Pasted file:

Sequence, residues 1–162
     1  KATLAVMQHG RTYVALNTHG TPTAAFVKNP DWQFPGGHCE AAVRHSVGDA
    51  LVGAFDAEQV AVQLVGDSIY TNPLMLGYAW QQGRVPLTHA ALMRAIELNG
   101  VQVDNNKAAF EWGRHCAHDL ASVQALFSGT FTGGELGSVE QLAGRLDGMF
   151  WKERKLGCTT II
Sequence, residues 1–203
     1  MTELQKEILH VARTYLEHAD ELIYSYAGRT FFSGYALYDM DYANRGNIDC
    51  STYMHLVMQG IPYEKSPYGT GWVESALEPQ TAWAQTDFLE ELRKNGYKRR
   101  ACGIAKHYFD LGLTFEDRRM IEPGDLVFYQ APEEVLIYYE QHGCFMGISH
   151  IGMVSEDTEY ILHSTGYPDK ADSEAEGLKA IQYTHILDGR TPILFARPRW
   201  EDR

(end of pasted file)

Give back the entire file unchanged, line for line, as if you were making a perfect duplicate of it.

Sequence, residues 1–162
     1  KATLAVMQHG RTYVALNTHG TPTAAFVKNP DWQFPGGHCE AAVRHSVGDA
    51  LVGAFDAEQV AVQLVGDSIY TNPLMLGYAW QQGRVPLTHA ALMRAIELNG
   101  VQVDNNKAAF EWGRHCAHDL ASVQALFSGT FTGGELGSVE QLAGRLDGMF
   151  WKERKLGCTT II
Sequence, residues 1–203
     1  MTELQKEILH VARTYLEHAD ELIYSYAGRT FFSGYALYDM DYANRGNIDC
    51  STYMHLVMQG IPYEKSPYGT GWVESALEPQ TAWAQTDFLE ELRKNGYKRR
   101  ACGIAKHYFD LGLTFEDRRM IEPGDLVFYQ APEEVLIYYE QHGCFMGISH
   151  IGMVSEDTEY ILHSTGYPDK ADSEAEGLKA IQYTHILDGR TPILFARPRW
   201  EDR